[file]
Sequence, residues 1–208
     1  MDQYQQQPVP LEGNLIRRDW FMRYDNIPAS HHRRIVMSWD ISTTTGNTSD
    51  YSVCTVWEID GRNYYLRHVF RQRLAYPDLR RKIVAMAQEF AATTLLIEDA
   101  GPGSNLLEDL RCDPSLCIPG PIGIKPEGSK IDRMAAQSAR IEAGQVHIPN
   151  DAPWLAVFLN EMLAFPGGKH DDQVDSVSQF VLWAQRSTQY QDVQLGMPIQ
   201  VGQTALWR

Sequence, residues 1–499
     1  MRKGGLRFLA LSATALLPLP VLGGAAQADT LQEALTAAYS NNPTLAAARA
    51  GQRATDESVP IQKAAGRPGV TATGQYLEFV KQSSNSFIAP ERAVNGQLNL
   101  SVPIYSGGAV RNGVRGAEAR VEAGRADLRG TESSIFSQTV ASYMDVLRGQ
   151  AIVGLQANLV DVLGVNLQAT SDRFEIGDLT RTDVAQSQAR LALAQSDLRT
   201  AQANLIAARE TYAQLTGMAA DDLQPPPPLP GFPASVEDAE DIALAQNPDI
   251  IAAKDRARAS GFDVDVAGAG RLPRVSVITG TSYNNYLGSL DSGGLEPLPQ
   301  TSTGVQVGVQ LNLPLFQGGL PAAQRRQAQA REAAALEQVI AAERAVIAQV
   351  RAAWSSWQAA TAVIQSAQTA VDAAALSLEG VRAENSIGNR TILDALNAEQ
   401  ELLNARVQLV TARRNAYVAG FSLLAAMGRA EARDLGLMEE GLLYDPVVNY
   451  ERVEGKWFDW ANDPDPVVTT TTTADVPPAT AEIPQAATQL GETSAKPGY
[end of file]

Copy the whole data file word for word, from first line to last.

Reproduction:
Sequence, residues 1–208
     1  MDQYQQQPVP LEGNLIRRDW FMRYDNIPAS HHRRIVMSWD ISTTTGNTSD
    51  YSVCTVWEID GRNYYLRHVF RQRLAYPDLR RKIVAMAQEF AATTLLIEDA
   101  GPGSNLLEDL RCDPSLCIPG PIGIKPEGSK IDRMAAQSAR IEAGQVHIPN
   151  DAPWLAVFLN EMLAFPGGKH DDQVDSVSQF VLWAQRSTQY QDVQLGMPIQ
   201  VGQTALWR

Sequence, residues 1–499
     1  MRKGGLRFLA LSATALLPLP VLGGAAQADT LQEALTAAYS NNPTLAAARA
    51  GQRATDESVP IQKAAGRPGV TATGQYLEFV KQSSNSFIAP ERAVNGQLNL
   101  SVPIYSGGAV RNGVRGAEAR VEAGRADLRG TESSIFSQTV ASYMDVLRGQ
   151  AIVGLQANLV DVLGVNLQAT SDRFEIGDLT RTDVAQSQAR LALAQSDLRT
   201  AQANLIAARE TYAQLTGMAA DDLQPPPPLP GFPASVEDAE DIALAQNPDI
   251  IAAKDRARAS GFDVDVAGAG RLPRVSVITG TSYNNYLGSL DSGGLEPLPQ
   301  TSTGVQVGVQ LNLPLFQGGL PAAQRRQAQA REAAALEQVI AAERAVIAQV
   351  RAAWSSWQAA TAVIQSAQTA VDAAALSLEG VRAENSIGNR TILDALNAEQ
   401  ELLNARVQLV TARRNAYVAG FSLLAAMGRA EARDLGLMEE GLLYDPVVNY
   451  ERVEGKWFDW ANDPDPVVTT TTTADVPPAT AEIPQAATQL GETSAKPGY